Despite the perils, Afghan artists have consistently portrayed their country and its many facets.

The artist Kubra Khademi in a street performance in Kabul, Afghanistan, in 2015. A crowd of men appeared “insulting me and making fun of me,” Ms. Khademi said.

By Farah Nayeri

Jan. 15, 2020

On the afternoon of Feb. 26, 2015, the artist Kubra Khademi strapped a suit of metal armor over her clothes and headed outside. The armor, which she had cobbled together in the workshop of a local blacksmith, had bulbous breasts and an ample bottom. It was the centerpiece of a carefully planned street performance.

Only this wasn’t just any street: It was a busy thoroughfare in Kabul, the capital of Afghanistan. Sheathed in her bulging suit, Ms. Khademi walked along the road in a silent eight-minute performance. By the time she left, traffic had stopped and a mob of menacing men had formed.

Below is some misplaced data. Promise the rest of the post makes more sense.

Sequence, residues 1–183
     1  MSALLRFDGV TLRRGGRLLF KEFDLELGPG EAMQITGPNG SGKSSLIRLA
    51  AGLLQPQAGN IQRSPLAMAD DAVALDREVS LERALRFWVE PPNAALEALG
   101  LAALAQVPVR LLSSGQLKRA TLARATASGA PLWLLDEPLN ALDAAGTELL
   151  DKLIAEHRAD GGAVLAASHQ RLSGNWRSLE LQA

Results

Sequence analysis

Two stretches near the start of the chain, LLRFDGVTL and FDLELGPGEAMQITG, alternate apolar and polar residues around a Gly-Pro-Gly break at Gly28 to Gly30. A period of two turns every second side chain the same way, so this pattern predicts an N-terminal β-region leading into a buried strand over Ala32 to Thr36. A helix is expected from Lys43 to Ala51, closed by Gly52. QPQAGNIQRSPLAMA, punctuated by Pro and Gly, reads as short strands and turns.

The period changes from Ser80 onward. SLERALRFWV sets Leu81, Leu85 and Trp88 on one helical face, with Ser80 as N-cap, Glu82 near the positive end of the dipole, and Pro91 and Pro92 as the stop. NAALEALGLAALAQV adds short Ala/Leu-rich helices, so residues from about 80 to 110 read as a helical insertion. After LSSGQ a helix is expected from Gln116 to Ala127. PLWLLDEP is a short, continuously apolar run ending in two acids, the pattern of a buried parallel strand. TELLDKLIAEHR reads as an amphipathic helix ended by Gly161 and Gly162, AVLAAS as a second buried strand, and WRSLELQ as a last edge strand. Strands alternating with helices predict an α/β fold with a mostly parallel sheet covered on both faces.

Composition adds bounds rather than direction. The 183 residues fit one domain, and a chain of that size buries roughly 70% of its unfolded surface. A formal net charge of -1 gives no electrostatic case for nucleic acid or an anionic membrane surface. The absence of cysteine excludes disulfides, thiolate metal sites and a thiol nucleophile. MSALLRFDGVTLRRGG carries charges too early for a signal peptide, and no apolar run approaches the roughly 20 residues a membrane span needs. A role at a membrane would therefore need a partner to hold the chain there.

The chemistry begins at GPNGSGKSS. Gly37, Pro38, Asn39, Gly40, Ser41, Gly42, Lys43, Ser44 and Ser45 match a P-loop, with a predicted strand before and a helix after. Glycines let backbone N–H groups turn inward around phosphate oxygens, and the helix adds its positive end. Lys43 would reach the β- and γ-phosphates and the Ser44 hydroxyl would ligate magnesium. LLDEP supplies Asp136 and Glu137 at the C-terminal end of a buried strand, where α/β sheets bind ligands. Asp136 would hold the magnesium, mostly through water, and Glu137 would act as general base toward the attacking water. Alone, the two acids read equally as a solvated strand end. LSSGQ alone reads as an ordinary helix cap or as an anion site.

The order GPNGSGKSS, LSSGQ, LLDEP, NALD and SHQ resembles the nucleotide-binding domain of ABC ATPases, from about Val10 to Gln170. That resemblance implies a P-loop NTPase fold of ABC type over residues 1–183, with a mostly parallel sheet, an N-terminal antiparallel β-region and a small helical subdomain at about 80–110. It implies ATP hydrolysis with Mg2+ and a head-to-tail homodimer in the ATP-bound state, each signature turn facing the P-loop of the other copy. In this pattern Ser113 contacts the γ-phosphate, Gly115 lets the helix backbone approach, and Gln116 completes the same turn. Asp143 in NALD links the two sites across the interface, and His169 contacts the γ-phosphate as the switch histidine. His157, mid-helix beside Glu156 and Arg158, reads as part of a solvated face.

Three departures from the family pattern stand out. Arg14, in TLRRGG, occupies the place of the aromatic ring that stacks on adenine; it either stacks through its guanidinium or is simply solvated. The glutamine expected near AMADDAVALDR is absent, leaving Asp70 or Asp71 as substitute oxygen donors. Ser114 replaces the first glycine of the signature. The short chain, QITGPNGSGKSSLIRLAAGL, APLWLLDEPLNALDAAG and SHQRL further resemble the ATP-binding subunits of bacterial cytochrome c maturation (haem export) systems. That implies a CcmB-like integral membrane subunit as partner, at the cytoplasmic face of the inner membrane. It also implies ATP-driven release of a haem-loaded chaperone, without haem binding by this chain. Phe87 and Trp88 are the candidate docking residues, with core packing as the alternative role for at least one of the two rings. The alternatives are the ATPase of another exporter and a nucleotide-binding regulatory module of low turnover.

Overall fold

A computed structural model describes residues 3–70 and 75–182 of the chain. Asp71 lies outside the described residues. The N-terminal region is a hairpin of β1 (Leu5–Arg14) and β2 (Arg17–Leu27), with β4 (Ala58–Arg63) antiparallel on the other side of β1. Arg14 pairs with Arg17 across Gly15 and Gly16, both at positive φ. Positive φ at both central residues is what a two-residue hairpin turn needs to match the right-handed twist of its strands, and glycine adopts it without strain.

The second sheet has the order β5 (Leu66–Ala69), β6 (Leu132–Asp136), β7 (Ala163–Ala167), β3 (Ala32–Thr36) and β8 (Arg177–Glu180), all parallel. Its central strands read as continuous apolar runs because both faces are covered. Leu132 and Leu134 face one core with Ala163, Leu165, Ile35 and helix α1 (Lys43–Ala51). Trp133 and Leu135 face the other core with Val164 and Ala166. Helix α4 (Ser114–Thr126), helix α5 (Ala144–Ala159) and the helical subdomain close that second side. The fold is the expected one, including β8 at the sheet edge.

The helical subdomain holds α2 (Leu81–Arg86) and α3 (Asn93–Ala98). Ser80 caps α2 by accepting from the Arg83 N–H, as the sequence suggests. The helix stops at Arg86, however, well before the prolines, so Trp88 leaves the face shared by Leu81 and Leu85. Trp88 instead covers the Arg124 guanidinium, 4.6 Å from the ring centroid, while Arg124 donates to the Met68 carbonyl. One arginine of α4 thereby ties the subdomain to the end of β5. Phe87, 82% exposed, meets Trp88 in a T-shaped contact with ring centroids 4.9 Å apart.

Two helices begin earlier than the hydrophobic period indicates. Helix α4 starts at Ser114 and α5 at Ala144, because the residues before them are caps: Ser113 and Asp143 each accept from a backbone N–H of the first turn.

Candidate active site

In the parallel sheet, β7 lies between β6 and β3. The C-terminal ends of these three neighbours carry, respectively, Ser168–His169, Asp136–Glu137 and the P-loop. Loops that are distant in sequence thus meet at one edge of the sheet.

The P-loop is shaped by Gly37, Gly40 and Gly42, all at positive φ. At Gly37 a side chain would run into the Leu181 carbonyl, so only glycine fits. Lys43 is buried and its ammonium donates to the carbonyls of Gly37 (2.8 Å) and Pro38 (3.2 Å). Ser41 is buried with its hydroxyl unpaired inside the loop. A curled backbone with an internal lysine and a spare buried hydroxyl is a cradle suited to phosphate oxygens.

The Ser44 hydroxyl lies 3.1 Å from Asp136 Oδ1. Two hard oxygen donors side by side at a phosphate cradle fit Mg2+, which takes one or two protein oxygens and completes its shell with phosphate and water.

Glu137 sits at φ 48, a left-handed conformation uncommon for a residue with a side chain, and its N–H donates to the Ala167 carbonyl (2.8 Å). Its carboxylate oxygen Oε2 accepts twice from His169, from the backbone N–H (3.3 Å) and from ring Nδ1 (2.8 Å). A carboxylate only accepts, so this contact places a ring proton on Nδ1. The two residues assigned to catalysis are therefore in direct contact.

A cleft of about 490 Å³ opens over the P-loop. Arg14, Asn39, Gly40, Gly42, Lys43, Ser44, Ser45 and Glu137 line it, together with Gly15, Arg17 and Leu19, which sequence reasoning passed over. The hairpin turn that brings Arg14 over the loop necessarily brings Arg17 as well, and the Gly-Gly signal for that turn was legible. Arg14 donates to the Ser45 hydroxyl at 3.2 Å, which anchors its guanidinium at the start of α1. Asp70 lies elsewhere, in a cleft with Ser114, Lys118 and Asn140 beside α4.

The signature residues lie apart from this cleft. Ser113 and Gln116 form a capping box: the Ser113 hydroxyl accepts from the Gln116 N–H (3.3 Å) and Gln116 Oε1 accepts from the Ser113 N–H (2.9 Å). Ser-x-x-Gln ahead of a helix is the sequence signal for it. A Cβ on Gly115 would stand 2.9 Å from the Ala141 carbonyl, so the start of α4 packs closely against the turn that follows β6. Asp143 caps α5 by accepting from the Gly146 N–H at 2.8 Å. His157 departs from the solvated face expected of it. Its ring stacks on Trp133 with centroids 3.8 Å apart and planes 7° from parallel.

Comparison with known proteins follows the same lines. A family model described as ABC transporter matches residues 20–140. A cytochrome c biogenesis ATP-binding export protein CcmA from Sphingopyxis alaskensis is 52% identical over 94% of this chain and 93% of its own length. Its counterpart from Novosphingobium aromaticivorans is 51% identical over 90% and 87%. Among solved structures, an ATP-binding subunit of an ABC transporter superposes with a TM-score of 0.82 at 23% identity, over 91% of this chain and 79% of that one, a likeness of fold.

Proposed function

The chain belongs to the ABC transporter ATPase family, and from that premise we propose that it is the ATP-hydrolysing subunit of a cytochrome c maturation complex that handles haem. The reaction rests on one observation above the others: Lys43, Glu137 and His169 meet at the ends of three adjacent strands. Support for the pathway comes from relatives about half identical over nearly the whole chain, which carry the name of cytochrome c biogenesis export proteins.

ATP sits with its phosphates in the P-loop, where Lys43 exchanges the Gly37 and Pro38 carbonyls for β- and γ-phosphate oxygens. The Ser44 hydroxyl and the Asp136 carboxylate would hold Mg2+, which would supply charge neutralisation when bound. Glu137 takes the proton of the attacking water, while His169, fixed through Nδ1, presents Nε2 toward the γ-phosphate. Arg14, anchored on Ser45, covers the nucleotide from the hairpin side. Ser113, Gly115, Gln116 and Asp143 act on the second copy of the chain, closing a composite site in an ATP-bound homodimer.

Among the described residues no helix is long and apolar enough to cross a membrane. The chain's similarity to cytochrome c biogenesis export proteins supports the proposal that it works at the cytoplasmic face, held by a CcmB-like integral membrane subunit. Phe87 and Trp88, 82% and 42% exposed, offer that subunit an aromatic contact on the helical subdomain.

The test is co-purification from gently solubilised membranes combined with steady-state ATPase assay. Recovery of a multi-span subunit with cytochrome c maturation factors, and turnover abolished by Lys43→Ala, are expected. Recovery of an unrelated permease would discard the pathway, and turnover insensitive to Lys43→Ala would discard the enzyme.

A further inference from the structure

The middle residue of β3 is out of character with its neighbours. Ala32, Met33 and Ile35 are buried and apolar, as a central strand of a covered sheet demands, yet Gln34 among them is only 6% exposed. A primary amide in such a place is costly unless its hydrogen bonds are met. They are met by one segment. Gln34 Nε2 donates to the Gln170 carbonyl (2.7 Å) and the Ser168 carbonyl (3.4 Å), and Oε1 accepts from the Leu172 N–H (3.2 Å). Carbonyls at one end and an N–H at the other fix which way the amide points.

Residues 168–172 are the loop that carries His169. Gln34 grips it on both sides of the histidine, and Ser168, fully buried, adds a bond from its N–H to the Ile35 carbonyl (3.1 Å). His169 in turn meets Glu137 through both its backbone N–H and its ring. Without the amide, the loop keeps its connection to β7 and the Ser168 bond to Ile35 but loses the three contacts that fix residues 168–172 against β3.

“They were insulting me and making fun of me, saying ‘She’s crazy, she’s a foreigner, she’s lost her mind, she’s a prostitute,’” the artist recalled in a telephone interview from Paris, where she now lives. “Yet, had I not put on this performance, I would have been unhappy. It was a complete success. It shook everyone up, and brought the debate brazenly out into the open.”

Ms. Khademi said her performance reflected everyday reality for women in Afghanistan, who face sexual harassment and aggression everywhere — at home, at work, on the street.

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